Technicians should connect/disconnect one device at a time, trust your instincts, use manufacturer tech support and hone your speed so your labor becomes a profit center for your integrator/employer.
Tedium and confidence are the names of the game when troubleshooting a home network. That is the advice from Nathan Holmes, technical trainer at Access Networks. Holmes recently conducted a three-day networking training course at Maverick Technical Institute (MTI) in Nashua, N.H. for students learning the skills to become installation technicians.
Here are four key pieces of advice from the training:
When troubleshooting a system, the most effective way to isolate the culprit is to disconnect and replace one device at a time. If the system still does not work with the replacement device, then disconnect that device and put the original device back in the system. Then move on to the next device.
“If you have 20 components in a system and you replace more than one at a time, you will never really know what caused the problem or how you fixed it,” advises Nathan Holmes, technical trainer at Access Networks. “The same logic applies to building a system. Connect one device at a time and test. It is tedious and time-consuming, but if you rush, you will ultimately lose your shirt on labor from mistakes.”
During the training, Holmes “tricked” the young students by purposefully including a switch that was incompatible with the devices necessary to complete the task. In order to connect the Araknis wireless access point, Wattbox power supply and Vivitek surveillance camera, the system required a powered network switch. But Holmes forced the students to come to that conclusion on their own.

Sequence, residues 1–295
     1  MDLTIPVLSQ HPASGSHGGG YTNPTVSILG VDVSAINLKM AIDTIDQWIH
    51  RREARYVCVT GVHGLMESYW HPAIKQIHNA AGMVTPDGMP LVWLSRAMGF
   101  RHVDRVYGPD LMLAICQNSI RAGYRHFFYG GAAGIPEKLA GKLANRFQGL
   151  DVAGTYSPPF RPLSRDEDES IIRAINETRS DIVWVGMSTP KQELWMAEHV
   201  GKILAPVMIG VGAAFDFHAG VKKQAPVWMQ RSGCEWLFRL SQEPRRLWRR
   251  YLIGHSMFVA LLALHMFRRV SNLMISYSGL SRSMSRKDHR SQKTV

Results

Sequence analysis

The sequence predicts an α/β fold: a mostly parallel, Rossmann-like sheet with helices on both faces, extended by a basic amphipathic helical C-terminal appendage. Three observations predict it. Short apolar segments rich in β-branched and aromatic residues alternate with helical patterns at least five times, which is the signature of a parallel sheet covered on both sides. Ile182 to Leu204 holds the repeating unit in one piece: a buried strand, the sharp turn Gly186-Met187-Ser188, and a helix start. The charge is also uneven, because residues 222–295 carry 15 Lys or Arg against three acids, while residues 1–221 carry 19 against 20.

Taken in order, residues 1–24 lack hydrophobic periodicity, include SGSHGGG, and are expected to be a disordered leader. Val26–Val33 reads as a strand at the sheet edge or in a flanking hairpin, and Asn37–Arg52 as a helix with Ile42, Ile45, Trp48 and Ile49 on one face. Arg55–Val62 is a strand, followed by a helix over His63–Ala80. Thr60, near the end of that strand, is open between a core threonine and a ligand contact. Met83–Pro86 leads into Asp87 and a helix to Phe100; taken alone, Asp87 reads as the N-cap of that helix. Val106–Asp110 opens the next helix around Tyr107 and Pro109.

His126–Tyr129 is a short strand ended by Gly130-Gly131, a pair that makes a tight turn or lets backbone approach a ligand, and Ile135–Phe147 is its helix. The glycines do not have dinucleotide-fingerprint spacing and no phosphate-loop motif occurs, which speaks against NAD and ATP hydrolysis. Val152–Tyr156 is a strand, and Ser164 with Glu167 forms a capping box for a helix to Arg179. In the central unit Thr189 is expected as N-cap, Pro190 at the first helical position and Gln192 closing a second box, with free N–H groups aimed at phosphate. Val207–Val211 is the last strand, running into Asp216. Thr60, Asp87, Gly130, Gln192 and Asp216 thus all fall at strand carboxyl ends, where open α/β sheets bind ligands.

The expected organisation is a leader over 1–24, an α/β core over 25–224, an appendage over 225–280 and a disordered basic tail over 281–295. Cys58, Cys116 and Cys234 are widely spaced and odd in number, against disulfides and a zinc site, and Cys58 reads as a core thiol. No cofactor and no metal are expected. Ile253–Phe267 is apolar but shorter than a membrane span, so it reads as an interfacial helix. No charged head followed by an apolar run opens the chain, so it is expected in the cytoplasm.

“It is very common in this industry for the wrong devices to be spec’ed on to a project. It could be the salesperson’s mistake, but most often it is caused by the homeowner deciding to add more devices to the system than were originally specified,” says Holmes.
In another test for the students, Holmes used a power supply that had subsequently had the default password changed from the time the device was purchased (and thus what was printed in the manual) until the time it was being installed.
“Manufacturers update the default passwords all the time but sometimes don’t update the manual. If you know you are doing everything right, don’t be afraid to call tech support…that’s why they are there,” he says.
“If you establish repeatable processes, you will eventually create a profit buffer for your company on your labor,” Holmes told the students. By that, he means it might take you 90 minutes to do configure a small basic network the first time, and your company might have only billed it for one-hour of labor. They lost money on your labor. But eventually, that same technician might only take 30 minutes to configure that small network, which means you are making profit on that one-hour’s worth of billed labor.
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